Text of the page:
“An election is coming. Universal peace is declared, and the foxes have a sincere interest in prolonging the lives of the poultry.” So stated George Eliot (Mary Ann Evans) in 1866. In California, that is true with not only presidential and state legislative candidates, but also with Board of Supervisors candidates and ballot measures – state and local – galore. Mailed ballots will be transmitted to only registered voters (we hope) on Oct. 5. It’s timely to provide my time-honored, sometimes-respected recommendations.
First, I correct my own sorrowful version of fake news from July by informing readers there are “only” 13 state ballot measures, not 25. Second, I provide no wisdom on the presidential candidates because California’s a one-party state and my vote as a registered Independent doesn’t matter.
I begin with the Nov. 3 city and county ballot measures, Propositions A to L and District 7 Board of Supervisors election, ignoring District 1 because major candidates are dreary members of the “City Family,” meaning outsiders needn’t apply!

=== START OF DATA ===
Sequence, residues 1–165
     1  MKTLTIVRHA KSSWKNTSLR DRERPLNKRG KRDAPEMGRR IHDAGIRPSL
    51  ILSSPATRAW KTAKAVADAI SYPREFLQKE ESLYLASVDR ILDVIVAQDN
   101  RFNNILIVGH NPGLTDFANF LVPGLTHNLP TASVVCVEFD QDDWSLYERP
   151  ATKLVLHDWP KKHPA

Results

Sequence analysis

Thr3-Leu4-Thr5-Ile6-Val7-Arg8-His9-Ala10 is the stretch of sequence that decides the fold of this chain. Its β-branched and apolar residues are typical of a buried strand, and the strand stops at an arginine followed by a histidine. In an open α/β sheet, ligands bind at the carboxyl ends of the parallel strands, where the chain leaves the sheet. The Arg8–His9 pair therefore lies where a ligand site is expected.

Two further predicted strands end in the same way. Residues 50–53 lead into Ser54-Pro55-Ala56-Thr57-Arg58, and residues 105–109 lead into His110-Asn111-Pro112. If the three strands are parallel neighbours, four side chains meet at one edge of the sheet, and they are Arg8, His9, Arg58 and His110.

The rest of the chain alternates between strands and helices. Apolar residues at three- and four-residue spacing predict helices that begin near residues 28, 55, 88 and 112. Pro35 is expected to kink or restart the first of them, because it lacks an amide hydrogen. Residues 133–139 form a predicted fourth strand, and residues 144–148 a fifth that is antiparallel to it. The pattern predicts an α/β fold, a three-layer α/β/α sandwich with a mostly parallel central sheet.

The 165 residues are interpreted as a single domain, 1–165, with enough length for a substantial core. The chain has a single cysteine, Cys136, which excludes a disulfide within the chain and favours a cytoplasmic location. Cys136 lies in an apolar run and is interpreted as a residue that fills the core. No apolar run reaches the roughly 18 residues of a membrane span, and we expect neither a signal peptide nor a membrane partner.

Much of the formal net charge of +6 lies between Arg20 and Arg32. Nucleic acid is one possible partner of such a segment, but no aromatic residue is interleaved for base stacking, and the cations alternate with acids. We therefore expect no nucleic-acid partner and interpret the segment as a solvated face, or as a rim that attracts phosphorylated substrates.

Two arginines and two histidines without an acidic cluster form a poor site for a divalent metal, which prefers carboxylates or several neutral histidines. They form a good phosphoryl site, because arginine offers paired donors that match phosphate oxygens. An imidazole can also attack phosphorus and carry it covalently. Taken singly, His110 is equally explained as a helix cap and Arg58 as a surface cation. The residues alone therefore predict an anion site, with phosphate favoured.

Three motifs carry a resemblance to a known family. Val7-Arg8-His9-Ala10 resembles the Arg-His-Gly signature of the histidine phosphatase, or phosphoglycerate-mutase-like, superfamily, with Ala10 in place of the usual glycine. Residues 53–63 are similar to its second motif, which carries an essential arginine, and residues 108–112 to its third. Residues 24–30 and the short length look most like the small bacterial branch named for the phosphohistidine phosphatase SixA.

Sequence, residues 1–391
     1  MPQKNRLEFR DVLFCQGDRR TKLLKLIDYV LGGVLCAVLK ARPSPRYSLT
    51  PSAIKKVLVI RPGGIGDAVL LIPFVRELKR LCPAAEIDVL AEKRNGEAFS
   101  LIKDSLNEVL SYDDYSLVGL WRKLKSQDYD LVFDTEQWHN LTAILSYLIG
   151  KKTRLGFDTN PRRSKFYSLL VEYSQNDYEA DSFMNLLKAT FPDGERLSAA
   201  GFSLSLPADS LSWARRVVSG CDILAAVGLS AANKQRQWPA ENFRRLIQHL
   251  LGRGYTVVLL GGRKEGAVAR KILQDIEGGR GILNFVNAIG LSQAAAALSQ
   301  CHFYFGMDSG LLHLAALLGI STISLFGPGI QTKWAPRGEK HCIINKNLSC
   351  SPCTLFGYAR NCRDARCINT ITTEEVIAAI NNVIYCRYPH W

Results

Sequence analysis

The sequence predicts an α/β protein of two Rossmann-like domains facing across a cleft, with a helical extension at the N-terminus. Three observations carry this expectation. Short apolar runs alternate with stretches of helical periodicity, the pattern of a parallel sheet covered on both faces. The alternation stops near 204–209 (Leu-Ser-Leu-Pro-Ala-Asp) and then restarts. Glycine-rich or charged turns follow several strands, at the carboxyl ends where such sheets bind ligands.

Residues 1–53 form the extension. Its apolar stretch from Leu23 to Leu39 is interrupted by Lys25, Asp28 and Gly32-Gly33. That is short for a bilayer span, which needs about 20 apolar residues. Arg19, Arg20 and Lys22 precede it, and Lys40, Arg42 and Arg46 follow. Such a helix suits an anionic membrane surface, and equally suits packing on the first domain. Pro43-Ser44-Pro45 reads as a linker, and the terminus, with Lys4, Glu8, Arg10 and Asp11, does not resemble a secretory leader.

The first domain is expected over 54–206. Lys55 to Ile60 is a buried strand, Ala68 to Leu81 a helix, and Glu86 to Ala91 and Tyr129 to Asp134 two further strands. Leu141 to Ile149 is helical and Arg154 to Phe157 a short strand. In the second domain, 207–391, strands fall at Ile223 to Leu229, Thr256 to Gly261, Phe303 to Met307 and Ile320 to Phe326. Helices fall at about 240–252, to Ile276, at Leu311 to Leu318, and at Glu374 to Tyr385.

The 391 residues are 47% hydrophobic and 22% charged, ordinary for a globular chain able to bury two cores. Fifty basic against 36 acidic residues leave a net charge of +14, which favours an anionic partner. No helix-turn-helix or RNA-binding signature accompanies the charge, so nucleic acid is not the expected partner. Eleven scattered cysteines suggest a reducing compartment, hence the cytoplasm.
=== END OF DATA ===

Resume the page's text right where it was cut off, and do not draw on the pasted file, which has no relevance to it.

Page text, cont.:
I recommend rejection of Proposition A, a general obligation bond of $48.5 million basically for homelessness and street resurfacing. The latter logically should be paid by California’s gasoline taxes, which are the highest in the nation. Our economy is in a deep recession, the unfunded pension liability is $3.6 billon and cost-per-employee pension benefits amount to 25% of salary per employee next year, for 38,000 city employees, who four years ago garnered an average $108,774 in salary and $49,864 in benefits.
Proposition B would create one more city government department and two new commissions: Public Works Commission and Department of Sanitation/Streets Commission. The city controller estimates additional costs of $2.5 million to $6 million annually. Stop bureaucracy. Vote “No.”